I have to thank NH Senzai's excellent Shooting Kabul for referring to this book because otherwise I would have missed it!
I would consider this required children's reading for the timelessness of its characters and the nostalgic value of what life was like in Manhattan back in the late 60s. Splendid!
Profile Image for Werner.
Author 4 books571 followers
February 25, 2017
My oldest grandson Philip is an avid reader, a trait my wife and I like to encourage. He'd encountered this Newbery award winner in his school library, and wanted to own a copy, so we gave him one for his 11th birthday last fall. When he discovered that I'd never read it (it was first published in 1967, by which time I was in high school, and focusing my reading on more "grown-up" books), he wanted to share it with me, so he loaned me his copy. (Last year, he likewise introduced me to another kid's classic, Stone Fox.) I'd heard of the book, but had no real clue what it was about.

Elaine Konigsburg (like some other women writers in the earlier decades of the past century, when the book trade was more male-dominated, she hid her gender behind her initials) became an instant success in children's literature with this essentially debut novel. (It was technically the second one she had published, but both books were submitted at the same time.) That's a deserved tribute to her skill as a writer; the craftsmanship of the book is of a pretty high order.

As we learn from the outset through a short "cover letter," the body of the book is supposedly a narrative composed by Mrs. Basil E. Frankweiler to her longtime (and long-suffering) lawyer, Saxonburg, to explain a change she wants made to her will. She's a childless 82-year-old widow, as rich as Croesus, and definitely eccentric, imperious and opinionated. Ordinarily, she's not the sort of narrator many kids would readily relate to; but she immediately focuses her tale on two kids, Claudia (age 11) and her nine-year-old brother Jamie. In fact, it's not immediately made clear what relation Mrs. Frankenweiler is going to have to the events of her story. That's a deft move on the author's part, giving child readers child protagonists to relate to, and a bit of mystery as a hook. Claudia's made up her mind to temporarily run away from her home in the New York City suburb of Greenwich, dragging Jamie along for the ride to get the benefit of his assiduously-saved allowance money, and plans to stay in New York's Metropolitan Museum of Art (an actual institution that's still there today) for the duration of her adventure. The expedition will involve both children in a mystery surrounding a Renaissance statuette of an angel that may or may not have been sculpted by Michelangelo --and in some life lessons and self-discovery as well.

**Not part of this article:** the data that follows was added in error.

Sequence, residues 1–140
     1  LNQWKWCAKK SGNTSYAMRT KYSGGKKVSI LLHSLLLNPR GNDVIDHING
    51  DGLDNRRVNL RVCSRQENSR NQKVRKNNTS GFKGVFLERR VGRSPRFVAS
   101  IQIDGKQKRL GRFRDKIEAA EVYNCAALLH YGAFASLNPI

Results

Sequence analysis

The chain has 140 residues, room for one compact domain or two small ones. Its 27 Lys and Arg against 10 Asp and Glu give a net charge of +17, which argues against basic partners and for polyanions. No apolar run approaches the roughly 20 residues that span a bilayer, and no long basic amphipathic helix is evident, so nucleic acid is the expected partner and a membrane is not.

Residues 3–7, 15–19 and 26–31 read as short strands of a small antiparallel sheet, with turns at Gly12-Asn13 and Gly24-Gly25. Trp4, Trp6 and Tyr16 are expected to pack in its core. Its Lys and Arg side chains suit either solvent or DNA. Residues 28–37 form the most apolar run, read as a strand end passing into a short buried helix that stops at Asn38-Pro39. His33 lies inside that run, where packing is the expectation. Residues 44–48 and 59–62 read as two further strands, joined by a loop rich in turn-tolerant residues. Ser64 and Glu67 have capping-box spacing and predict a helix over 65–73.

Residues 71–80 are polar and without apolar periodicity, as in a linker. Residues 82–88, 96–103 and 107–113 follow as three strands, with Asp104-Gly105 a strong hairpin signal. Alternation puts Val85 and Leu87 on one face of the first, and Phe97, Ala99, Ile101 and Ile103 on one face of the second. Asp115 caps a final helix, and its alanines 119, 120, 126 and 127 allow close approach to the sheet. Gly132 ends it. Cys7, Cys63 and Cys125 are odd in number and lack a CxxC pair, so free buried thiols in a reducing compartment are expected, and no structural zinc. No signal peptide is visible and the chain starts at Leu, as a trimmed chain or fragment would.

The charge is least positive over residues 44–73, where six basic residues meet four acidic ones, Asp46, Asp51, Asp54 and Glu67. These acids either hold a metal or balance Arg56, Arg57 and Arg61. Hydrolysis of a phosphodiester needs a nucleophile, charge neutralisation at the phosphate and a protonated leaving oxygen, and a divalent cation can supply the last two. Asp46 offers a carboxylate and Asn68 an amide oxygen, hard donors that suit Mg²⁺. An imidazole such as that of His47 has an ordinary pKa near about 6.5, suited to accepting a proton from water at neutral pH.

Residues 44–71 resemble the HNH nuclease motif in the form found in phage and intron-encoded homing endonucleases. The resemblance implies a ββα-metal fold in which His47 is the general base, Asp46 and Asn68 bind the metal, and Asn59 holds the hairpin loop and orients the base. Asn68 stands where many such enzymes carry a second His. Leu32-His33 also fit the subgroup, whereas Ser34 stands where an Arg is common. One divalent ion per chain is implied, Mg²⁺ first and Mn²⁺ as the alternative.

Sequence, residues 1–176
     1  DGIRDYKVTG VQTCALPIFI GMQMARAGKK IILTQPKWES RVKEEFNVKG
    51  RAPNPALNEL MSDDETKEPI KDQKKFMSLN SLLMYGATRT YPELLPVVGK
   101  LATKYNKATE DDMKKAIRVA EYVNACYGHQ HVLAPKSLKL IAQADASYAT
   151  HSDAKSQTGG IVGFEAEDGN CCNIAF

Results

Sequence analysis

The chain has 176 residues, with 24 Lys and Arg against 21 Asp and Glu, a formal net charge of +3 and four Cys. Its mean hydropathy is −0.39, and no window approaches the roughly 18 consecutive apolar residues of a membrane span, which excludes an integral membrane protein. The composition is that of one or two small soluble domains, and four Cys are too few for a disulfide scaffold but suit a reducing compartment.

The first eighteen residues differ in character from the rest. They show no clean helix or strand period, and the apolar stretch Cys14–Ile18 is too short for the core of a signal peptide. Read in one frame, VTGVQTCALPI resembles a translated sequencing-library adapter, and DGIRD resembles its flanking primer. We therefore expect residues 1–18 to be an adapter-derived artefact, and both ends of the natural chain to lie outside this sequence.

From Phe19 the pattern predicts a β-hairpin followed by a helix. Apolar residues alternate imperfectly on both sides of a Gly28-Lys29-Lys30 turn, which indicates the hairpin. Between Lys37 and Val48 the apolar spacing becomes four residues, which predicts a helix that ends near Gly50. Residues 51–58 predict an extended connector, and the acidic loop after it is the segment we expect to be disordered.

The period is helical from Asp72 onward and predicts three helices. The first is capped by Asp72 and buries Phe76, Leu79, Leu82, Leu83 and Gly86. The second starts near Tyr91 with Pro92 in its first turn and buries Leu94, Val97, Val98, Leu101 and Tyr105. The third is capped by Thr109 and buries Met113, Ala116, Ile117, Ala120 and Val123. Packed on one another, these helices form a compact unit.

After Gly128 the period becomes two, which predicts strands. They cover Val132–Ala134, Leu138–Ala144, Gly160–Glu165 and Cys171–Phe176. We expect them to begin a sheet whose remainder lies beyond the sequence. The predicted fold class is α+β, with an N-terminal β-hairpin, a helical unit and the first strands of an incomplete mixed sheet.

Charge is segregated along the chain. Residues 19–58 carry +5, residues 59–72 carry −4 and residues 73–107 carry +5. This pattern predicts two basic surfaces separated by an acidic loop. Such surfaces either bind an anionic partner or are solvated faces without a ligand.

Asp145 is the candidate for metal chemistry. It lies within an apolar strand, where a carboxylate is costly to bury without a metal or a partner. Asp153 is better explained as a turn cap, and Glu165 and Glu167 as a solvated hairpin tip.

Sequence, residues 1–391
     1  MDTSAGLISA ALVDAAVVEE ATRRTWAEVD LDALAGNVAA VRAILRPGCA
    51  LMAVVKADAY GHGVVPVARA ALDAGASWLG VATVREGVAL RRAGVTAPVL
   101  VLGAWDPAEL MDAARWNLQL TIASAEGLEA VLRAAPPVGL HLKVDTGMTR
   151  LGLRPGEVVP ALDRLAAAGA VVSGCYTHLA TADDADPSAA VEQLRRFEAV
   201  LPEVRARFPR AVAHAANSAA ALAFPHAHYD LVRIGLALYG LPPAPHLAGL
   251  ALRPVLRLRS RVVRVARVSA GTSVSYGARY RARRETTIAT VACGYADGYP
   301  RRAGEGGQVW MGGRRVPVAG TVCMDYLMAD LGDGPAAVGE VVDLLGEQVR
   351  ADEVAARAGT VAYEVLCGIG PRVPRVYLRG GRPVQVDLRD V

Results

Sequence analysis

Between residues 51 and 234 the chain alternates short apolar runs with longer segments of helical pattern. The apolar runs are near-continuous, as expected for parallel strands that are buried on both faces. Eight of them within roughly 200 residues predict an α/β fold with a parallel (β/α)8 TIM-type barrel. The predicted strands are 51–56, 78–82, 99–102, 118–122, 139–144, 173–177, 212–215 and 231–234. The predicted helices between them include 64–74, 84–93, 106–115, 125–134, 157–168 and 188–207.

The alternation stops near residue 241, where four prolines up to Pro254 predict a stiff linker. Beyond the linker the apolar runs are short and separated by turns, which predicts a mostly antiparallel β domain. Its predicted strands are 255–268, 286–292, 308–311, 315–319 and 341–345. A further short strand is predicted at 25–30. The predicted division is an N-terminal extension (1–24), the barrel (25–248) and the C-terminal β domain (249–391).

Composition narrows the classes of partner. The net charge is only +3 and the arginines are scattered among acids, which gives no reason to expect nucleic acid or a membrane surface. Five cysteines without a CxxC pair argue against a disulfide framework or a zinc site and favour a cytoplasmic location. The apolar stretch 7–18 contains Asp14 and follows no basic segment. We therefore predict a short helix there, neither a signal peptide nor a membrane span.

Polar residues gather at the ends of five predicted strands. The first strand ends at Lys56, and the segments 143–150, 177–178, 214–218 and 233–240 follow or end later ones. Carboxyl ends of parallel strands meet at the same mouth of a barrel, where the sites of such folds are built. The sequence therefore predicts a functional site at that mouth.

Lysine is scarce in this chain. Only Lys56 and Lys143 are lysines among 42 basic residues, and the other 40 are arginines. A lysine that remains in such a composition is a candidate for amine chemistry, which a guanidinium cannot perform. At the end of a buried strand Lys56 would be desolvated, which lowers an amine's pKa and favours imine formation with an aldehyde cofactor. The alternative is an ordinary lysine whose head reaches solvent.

Like most books aimed at this age group (older pre-teens), this chapter book is a short (182 pages of main text) quick read. It's also well-written, with the kind of story-line that keeps you turning pages compulsively to see what happens next. The author had a genius for characterization; the two kids are extremely realistic embodiments of children their age (while being nicely differentiated individuals with distinctive personalities and speaking styles). She also laces her writing with an undercurrent of dry humor that frequently crops out. Both the humor and the characterizations, as well as the subtleties of the psychological content, IMO, might actually be perceived and appreciated better by adult readers than by kids. The plotting isn't predictable, and we get one surprise near the end that fits like a jigsaw puzzle and was foreshadowed by clues hidden in plain sight, but which most readers won't see coming. On the whole, it's a kid's book that can hold adult interest. Still, I think I might have liked it better as a child than as an adult reader. Why, you ask?

As I said, Claudia and Jamie are very realistic child characters; I could recognize a lot of traits of my grandkids in them. But these include a lot of traits that (even though I love my grandkids!) are very calculated to drive me up the wall, and I expect many other parents and grandparents have the same reaction. These kids aren't evil or cruel, but they do have a basically self-centered orientation and ethical cluelessness at times, an aversion to responsibility and a feeling that mild chores are an insufferable imposition. Add to this a capacity for sibling rivalry thick enough to cut with a knife, and a willingness of a younger kid to check his brain at the door and let an older sibling lead him around by the nose into outrageous behavior that he should never even have considered. (Been there, see that every day --want to scream at it.) The whole runaway scenario factors into this. Claudia isn't an abused, unloved child trying to escape a horrible home life. She's a pampered, well-to-do kid who doesn't think she's pampered enough, and just wants to run off to subject her family to "a lesson in Claudia appreciation." Yes, she mailed them a letter (which they wouldn't get until at least the next day!) telling them not to worry --as if they wouldn't! Konigsburg keeps the adults in Claudia's family largely offstage, so that readers can put them out of mind. But you don't put people you genuinely love out of mind, and you don't put them through hell just for purely selfish reasons --and as a father and grandfather myself, whenever I'd let myself think about it, I knew Claudia and Jamie were putting the adults in their lives through hell. Yes, if I'd been the parent, I'd have been unspeakably thankful and relieved to get them back safe. But I might also have grounded them for about 47 years, and possibly packed them off for a semester at a boarding military academy in northern Alaska as a lesson in family appreciation. (Okay, I might be exaggerating slightly for effect. :-) ) That colored my reaction to the tale in a way that it might not have as a kid. (It's also why I recommend the book only for mature kids, who wouldn't blindly consider these characters role models and be encouraged to run away themselves!)